How Do You Know Your Horse Is in Pain?

Jennifer Rice, DVM
By Jennifer Rice, DVM on Mar. 30, 2023
brown horse profile image

What Is Horse Pain?

Pain in horses can be due to an acute event such as colic or from a chronic disease such as arthritis. No matter the underlying reason for the pain, it is important to recognize pain in your horse and know what to do.

Signs Your Horse Is in Pain

Since horses are not able to verbally tell us what is hurting, it’s important that we watch for any changes in our horse’s activity level and behavior for indications of pain.

Signs/behaviors that may indicate your horse is in pain include:

  • Lameness or abnormal gait

  • Standing in an unusual posture

  • Shifting weight from leg to leg

  • Muscle tremors

  • Abnormal sweating

  • Lying down more than normal

  • Mood or temperament changes

  • Decreased appetite

  • Abnormal reaction to grooming, saddle, or bit/bridle

  • Changes in eating behavior (for example: eating on one side of the mouth, dropping feed)

  • Grinding teeth

  • Excessive drooling

  • Weight loss

  • Squinting or closed eye(s)

  • Biting or staring at a particular body region

  • Any evidence of swelling or injury

  • Pawing

  • Kicking at stomach

  • Rolling

  • Grunting

  • Lethargy/depression

If you notice any of these signs in your horse it is recommended to call your veterinarian right away.  

Types of Pain in Horses

Many common conditions can be associated with specific areas of pain in horses.

Musculoskeletal Pain

Abdominal Pain

Eye Pain

Other Pain

Medications for Pain in Horses

NSAIDs are commonly used to treat pain in horses by helping to reduce inflammation.

  • Flunixin meglumine (Banamine) is often prescribed to treat abdominal pain–especially pain  from colic

  • Phenylbutazone (Bute) is often used to treat musculoskeletal pain such as conditions associated with lameness

  • Firocoxib (Equioxx) is a newer type of pain medication and is often used for chronic or long term pain management since it has a lower risk of side effects

Local and regional treatment therapies can also be used to help treat musculoskeletal pain in horses.

  • Surpass is an NSAID that can be applied topically to areas of pain and inflammation.

  • Legend is an intravenous injection made up of hyaluronic acid to help with preventing and treating inflammation in the joint.

  • Adequan is an intramuscular injection made of polysulfated glycosaminoglycan that can help heal and aid in the long-term health of a joint.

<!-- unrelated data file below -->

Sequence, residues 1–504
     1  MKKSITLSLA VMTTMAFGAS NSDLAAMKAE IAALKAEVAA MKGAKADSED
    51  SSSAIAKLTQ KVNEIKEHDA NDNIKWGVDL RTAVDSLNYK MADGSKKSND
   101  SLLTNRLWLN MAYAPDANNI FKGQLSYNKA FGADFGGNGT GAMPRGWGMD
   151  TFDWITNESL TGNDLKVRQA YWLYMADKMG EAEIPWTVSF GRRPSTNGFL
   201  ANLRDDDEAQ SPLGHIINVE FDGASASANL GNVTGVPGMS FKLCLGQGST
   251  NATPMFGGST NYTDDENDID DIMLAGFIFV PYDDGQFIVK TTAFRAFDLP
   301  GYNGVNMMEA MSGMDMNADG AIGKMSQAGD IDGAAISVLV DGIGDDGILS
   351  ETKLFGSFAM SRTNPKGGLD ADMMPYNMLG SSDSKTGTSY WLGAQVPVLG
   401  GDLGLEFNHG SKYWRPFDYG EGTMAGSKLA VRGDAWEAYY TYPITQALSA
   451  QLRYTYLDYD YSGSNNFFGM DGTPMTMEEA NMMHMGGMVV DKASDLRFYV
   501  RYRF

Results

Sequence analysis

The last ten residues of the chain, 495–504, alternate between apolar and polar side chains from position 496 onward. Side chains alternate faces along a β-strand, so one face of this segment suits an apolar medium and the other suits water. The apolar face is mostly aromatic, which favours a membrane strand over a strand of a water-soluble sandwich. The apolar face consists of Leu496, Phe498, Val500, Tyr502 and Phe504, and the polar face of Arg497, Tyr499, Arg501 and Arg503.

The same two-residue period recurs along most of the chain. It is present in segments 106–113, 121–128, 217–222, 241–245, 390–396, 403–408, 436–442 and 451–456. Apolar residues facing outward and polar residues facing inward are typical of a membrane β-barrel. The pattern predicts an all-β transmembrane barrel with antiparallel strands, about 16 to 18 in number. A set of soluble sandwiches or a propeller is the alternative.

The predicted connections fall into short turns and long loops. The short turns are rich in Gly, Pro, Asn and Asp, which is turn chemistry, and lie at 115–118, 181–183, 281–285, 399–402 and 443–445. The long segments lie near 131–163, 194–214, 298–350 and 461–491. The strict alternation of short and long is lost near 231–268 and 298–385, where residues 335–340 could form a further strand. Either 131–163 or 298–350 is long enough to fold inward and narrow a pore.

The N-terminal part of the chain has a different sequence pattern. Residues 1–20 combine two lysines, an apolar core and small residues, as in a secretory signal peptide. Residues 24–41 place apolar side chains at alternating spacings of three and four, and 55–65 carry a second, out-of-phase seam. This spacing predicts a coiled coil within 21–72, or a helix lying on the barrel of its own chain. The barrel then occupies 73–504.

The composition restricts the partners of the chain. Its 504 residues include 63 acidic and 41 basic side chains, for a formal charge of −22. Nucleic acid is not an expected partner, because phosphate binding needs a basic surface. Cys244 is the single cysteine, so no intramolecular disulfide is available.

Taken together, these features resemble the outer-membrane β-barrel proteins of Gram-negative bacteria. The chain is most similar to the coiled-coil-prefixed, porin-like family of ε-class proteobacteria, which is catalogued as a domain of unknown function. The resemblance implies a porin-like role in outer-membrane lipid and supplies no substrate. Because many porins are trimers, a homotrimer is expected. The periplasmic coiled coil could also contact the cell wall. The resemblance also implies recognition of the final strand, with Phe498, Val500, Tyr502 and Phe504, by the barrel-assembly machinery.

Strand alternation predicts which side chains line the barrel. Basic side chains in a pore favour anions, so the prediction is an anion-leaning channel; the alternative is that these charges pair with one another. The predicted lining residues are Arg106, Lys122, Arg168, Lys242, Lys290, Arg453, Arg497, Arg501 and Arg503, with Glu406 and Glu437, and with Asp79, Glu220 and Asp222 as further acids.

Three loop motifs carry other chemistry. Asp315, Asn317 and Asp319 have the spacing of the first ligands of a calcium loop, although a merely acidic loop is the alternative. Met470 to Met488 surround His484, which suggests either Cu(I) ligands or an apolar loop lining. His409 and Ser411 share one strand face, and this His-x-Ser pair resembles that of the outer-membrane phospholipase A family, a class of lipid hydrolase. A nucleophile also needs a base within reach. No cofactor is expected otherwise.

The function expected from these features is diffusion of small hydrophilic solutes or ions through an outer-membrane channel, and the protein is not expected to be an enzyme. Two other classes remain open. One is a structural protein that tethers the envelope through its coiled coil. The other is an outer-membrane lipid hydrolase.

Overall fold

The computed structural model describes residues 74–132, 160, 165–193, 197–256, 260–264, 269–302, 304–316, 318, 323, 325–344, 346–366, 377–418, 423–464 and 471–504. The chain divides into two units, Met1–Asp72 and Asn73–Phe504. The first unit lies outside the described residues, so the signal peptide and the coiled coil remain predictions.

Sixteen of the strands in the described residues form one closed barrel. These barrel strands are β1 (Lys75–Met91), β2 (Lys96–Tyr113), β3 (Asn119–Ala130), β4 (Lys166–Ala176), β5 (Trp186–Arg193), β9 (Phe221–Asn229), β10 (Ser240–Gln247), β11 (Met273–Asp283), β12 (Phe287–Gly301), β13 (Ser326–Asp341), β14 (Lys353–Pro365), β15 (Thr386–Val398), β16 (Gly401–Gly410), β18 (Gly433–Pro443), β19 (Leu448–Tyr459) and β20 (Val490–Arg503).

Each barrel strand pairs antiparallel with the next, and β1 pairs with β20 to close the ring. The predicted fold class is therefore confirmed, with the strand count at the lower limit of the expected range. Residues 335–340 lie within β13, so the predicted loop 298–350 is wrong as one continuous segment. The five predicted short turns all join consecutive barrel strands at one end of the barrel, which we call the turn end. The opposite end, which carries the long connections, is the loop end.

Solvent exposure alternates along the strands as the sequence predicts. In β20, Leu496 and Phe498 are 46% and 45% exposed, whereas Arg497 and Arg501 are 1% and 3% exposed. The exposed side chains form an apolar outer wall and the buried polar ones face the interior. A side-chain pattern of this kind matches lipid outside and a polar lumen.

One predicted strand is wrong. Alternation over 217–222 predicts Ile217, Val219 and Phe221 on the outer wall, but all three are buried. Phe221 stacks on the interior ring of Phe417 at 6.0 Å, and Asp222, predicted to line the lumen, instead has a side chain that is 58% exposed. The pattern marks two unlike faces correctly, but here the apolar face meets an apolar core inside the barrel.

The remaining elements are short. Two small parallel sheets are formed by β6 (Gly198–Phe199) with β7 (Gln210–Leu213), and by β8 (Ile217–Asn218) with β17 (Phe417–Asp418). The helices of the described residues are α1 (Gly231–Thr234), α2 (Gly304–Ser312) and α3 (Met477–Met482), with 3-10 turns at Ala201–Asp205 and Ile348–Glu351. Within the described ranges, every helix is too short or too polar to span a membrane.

• Joint injections are one of the most commonly performed procedures in sport horse medicine. Joint injections typically consist of a combination of hyaluronic acid, corticosteroid, and possibly an antibiotic to help prevent infection. These can help with pain and inflammation associated with a joint and can help a horse stay comfortable for months.

Supplements for Pain in Horses

Supplements for horses can be a great preventative measure to help reduce the chances of any pain-associated conditions. When adding a supplement to your horse’s daily schedule, you are helping to maintain a horse's health over the long-term. If you feel a supplement would be good to add to your horse’s daily diet, ask your primary veterinarian for their recommendation.

There are a large variety of supplements that may be beneficial, including:

The key to preventing many of the causes of pain in horses is through preventive care.

Preventative care includes:

Understanding your horse's normal behaviors can help you easily pick up on something when they are acting abnormal.

Work with your veterinarian to help manage chronic pain cases. If you feel that your horse is still in pain even with pain management in place, it may be time to discuss quality of life with your veterinarian.


1. Colorado State University Veterinary Medical Center. Equine Comfort Assessment Scale. 2015.

2. Gaughan E. Merck Equine. Pain Recognition and Management in Horses. 2018.

3. Kentucky Equine Research. Don’t Miss Subtle Signs of Pain in Horses. March 2012.

4. Oregon Veterinary Medical Association. Signs of Pain in Horses. May 2016.

Featured Image:


Jennifer Rice, DVM


Jennifer Rice, DVM


Dr. Jennifer Rice is a 2017 graduate from Purdue College of Veterinary Medicine where she specialized in Equine medicine. Since graduating...

Help us make PetMD better

Was this article helpful?

Get Instant Vet Help Via Chat or Video. Connect with a Vet. Chewy Health